Francis Folger Franklin, Ben's son
Benjamin Franklin was born in Boston on January 17, 1706. He was the tenth son of soap maker, Josiah Franklin. Benjamin's mother was Abiah Folger, the second wife of Josiah. In all, Josiah would father 17 children.
Josiah intended for Benjamin to enter into the clergy. However, Josiah could only afford to send his son to school for one year and clergymen needed years of schooling. But, as young Benjamin loved to read he had him apprenticed to his brother James, who was a printer. After helping James compose pamphlets and set type which was grueling work, 12-year-old Benjamin would sell their products in the streets.
When Benjamin was 15 his brother started The New England Courant the first "newspaper" in Boston. Though there were two papers in the city before James's Courant, they only reprinted news from abroad. James's paper carried articles, opinion pieces written by James's friends, advertisements, and news of ship schedules.
Benjamin wanted to write for the paper too, but he knew that James would never let him. After all, Benjamin was just a lowly apprentice. So Ben began writing letters at night and signing them with the name of a fictional widow, Silence Dogood. Dogood was filled with advice and very critical of the world around her, particularly concerning the issue of how women were treated. Ben would sneak the letters under the print shop door at night so no one knew who was writing the pieces. They were a smash hit, and everyone wanted to know who was the real "Silence Dogood."
After 16 letters, Ben confessed that he had been writing the letters all along. While James's friends thought Ben was quite precocious and funny, James scolded his brother and was very jealous of the attention paid to him.
Before long the Franklins found themselves at odds with Boston's powerful Puritan preachers, the Mathers. Smallpox was a deadly disease in those times, and the Mathers supported inoculation; the Franklins' believed inoculation only made people sicker. And while most Bostonians agreed with the Franklins, they did not like the way James made fun of the clergy, during the debate. Ultimately, James was thrown in jail for his views, and Benjamin was left to run the paper for several issues.
Upon release from jail, James was not grateful to Ben for keeping the paper going. Instead he kept harassing his younger brother and administering beatings from time to time. Ben could not take it and decided to run away in 1723.
Escape to Philadelphia
Running away was illegal. In early America, people all had to have a place in society and runaways did not fit in anywhere. Regardless Ben took a boat to New York where he hoped to find work as a printer. He didn't, and walked across New Jersey, finally arriving in Philadelphia via a boat ride. After debarking, he used the last of his money to buy some rolls. He was wet, disheveled, and messy when his future wife, Deborah Read, saw him on that day, October, 6, 1723. She thought him odd-looking, never dreaming that seven years later they would be married.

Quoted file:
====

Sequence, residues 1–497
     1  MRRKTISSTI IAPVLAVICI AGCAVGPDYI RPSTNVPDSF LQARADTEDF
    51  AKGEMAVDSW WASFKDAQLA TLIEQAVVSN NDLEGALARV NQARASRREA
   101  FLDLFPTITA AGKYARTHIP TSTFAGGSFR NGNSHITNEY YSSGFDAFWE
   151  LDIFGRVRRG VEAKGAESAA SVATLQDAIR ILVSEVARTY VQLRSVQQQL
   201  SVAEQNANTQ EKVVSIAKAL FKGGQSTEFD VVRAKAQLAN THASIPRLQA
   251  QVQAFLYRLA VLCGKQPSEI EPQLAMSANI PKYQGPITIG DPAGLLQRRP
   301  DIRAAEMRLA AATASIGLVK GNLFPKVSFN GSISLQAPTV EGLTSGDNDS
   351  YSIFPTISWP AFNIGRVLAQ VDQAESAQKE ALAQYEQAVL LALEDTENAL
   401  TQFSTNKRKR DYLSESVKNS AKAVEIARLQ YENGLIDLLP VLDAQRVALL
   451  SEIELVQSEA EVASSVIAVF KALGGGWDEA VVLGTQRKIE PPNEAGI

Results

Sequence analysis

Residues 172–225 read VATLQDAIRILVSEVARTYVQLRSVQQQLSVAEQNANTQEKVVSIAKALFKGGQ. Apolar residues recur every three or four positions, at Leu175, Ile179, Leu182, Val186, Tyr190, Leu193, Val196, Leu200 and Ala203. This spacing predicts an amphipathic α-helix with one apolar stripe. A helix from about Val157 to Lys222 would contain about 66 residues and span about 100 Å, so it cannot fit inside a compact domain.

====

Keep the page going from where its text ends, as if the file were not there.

Franklin found work as an apprentice printer. He did so well that the governor of Pennsylvania promised to set him up in business for himself if young Franklin would just go to London to buy fonts and printing equipment. Franklin did go to London, but the governor reneged on his promise and Benjamin was forced to spend several months in England doing print work.
Benjamin had been living with the Read family before he left for London. Deborah Read, the very same girl who had seen young Benjamin arrive in Philadelphia, started talking marriage, with the young printer. But Ben did not think he was ready. While he was gone, she married another man.
Upon returning to Philadelphia, Franklin tried his hand at helping to run a shop, but soon went back to being a printer's helper. Franklin was a better printer than the man he was working for, so he borrowed some money and set himself up in the printing business. Franklin seemed to work all the time, and the citizens of Philadelphia began to notice the diligent young businessman. Soon he began getting the contract to do government jobs and started thriving in business.
In 1728, Benjamin fathered a child named William. The mother of William is not known. However, in 1730 Benjamin married his childhood sweetheart, Deborah Read. Deborah's husband had run off, and now she was able to marry.
In addition to running a print shop, the Franklins also ran their own store at this time, with Deborah selling everything from soap to fabric. Ben also ran a book store. They were quite enterprising.
The Pennsylvania Gazette
In 1729, Benjamin Franklin bought a newspaper, the Pennsylvania Gazette. Franklin not only printed the paper, but often contributed pieces to the paper under aliases. His newspaper soon became the most successful in the colonies. This newspaper, among other firsts, would print the first political cartoon, authored by Ben himself.
During the 1720s and 1730s, the side of Franklin devoted to public good started to show itself. He organized the Junto, a young working-man's group dedicated to self- and-civic improvement. He joined the Masons. He was a very busy man socially.
Poor Richard's Almanack
But Franklin thrived on work. In 1733 he started publishing Poor Richard's Almanack. Almanacs of the era were printed annually, and contained things like weather reports, recipes, predictions and homilies. Franklin published his almanac under the guise of a man named Richard Saunders, a poor man who needed money to take care of his carping wife. What distinguished Franklin's almanac were his witty aphorisms and lively writing. Many of the famous phrases associated with Franklin, such as, "A penny saved is a penny earned" come from Poor Richard.